Think of this example. You've got two tanks next to each other. You put a line between the two tanks. One tank has 12.54 feet of water in it, the other has 14 feet of water in it. Water will flow from the higher tank into the lower tank at a certain rate. Now, if the first tank only had 6 feet of water in it, the pressure difference would be greater and the flow would be faster.

In our vehicle, there is a voltage regulator built into the charging circuit that determines that pressure. If the desired battery voltage is 12.54 volts, but the voltage regulator senses there is only 11.5 volts, the output of the alternator is increased. The VOLTAGE is increased - up to a predetermined maximum.

Actual current is (flow) is also fixed - by whatever rate limiting factor is in the system. Yes, a larger wire can carry more current, but the actual rate-limiting factor in battery charging is the chemical reaction taking place inside the battery. You could run 10 1-0 cables to the battery and it couldn't accept any more charge than if you did just one. The rate of charge CAN be influenced by the voltage (pressure) presented to it. Charge a battery with 13 volts from a 5000 amp alternator and it will charge more slowly than if you charge another battery with a 15 volt current from a 90 amp alternator.

So - why are your batteries in the trailer charging slowly? Because your alternator is set up to see the voltage of the two batteries under the hood. If those batteries are essentially fully charged, the alternator is only going to put out enough voltage to cover the operating needs of the motor and just a tad more to "float charge" the vehicle's batteries. The fact that you have 6 batteries downstream hooked up with an 18 gauge wire through your trailer plug isn't going to move the needle much when those under hood batteries are fully charged.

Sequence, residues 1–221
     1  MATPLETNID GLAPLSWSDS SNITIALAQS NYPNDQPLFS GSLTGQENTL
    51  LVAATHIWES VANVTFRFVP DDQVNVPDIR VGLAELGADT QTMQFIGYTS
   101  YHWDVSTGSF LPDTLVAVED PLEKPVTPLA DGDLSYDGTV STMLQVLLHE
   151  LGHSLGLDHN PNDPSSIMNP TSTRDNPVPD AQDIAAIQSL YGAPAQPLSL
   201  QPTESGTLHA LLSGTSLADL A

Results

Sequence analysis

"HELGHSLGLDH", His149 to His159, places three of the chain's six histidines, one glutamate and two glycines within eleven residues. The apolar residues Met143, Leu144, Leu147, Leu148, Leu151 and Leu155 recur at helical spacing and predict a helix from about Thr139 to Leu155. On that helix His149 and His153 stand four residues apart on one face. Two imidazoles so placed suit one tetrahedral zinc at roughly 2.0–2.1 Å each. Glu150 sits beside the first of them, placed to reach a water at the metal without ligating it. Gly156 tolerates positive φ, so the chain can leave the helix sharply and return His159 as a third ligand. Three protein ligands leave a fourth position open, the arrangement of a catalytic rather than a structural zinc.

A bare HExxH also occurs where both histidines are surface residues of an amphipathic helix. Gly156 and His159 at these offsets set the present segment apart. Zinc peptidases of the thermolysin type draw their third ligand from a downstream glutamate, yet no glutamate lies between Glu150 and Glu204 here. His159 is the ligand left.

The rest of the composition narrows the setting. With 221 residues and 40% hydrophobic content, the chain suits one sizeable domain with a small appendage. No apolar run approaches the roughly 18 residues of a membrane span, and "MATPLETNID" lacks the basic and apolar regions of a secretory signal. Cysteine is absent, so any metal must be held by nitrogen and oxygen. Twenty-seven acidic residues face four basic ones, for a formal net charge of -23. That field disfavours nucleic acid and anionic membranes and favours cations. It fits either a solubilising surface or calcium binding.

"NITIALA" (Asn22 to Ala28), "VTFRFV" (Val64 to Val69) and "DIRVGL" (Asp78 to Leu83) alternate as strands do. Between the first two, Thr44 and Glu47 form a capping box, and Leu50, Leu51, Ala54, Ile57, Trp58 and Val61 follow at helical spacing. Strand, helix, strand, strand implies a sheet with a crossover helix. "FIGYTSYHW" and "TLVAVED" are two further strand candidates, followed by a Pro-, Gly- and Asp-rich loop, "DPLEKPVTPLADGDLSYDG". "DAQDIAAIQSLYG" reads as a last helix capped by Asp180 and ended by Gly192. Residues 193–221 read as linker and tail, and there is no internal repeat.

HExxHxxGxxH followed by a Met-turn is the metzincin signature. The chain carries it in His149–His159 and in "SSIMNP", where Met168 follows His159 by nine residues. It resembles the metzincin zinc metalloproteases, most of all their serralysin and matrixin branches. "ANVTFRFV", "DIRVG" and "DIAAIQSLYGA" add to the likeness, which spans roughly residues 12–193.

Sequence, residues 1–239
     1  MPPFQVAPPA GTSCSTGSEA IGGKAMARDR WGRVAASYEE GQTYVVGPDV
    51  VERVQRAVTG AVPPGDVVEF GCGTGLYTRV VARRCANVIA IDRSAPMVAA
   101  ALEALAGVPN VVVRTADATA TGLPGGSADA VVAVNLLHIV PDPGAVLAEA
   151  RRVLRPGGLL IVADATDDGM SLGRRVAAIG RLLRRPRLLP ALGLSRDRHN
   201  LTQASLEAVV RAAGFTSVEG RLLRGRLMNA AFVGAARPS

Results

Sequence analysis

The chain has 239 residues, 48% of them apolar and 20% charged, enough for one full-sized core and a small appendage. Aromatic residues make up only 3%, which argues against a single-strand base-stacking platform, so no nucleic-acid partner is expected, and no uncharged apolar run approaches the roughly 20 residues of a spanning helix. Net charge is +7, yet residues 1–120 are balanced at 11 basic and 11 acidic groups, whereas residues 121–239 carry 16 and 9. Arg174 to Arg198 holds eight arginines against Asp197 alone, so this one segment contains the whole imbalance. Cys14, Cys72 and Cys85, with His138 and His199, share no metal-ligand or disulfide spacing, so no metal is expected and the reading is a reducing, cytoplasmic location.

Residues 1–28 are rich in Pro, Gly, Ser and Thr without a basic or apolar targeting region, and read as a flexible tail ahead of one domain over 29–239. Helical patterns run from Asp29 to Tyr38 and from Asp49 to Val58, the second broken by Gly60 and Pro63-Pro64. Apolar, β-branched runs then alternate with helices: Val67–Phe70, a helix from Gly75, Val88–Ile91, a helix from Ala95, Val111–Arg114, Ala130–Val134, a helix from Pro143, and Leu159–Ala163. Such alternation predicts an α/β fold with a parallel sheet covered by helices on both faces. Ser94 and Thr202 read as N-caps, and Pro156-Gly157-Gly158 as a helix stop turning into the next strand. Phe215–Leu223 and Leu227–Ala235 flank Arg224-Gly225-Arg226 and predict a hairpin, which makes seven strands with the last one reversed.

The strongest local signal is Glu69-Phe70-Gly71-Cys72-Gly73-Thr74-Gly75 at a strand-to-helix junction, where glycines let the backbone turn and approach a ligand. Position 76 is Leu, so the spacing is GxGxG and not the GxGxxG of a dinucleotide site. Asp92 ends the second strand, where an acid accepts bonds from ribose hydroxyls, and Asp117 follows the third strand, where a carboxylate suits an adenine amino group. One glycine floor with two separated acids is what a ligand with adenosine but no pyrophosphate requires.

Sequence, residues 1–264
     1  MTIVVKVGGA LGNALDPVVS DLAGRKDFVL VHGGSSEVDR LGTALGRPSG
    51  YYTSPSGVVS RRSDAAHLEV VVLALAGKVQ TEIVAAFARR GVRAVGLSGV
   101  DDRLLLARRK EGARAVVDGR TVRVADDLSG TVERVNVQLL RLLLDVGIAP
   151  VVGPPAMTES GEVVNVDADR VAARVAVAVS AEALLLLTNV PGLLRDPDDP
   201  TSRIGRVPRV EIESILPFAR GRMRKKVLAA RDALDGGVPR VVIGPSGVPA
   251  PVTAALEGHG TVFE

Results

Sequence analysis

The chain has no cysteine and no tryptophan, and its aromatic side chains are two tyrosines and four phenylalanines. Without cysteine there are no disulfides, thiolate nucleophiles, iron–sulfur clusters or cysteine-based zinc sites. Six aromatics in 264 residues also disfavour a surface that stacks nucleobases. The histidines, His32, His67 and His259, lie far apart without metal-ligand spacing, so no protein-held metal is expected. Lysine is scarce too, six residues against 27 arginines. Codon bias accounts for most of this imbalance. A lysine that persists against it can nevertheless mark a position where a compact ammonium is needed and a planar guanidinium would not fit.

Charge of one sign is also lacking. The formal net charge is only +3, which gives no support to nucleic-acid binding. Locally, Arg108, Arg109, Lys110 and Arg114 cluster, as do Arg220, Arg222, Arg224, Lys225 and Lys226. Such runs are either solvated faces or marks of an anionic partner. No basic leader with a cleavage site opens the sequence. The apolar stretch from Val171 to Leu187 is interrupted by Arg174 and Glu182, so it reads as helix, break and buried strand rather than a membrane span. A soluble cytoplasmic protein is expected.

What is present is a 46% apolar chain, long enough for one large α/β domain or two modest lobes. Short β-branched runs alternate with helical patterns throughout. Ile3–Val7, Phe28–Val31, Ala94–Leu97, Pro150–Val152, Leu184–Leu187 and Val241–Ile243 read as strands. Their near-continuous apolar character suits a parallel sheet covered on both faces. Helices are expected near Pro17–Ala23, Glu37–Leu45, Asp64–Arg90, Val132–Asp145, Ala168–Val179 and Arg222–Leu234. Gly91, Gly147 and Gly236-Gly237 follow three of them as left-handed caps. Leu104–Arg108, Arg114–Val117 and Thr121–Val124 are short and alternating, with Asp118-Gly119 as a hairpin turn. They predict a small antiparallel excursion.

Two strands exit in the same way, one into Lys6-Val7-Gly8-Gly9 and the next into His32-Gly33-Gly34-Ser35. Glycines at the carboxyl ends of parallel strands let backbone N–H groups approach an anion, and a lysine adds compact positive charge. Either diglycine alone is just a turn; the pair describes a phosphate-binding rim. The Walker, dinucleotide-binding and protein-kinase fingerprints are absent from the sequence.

So - solutions.

One would be to let the alternator "see" those discharged batteries directly and then have a cable large enough to carry the current to them. The larger cable because once that alternator senses 10 volts, it's going to start putting out its maximum current and that current is going to go down the easiest path - which right now is those batteries under the hood wired with finger sized cables - not so much the ones wired with 18 gauge cable in the back. In fact, that cable will probably just melt. Still, that's probably going to cook your under the hood batteries.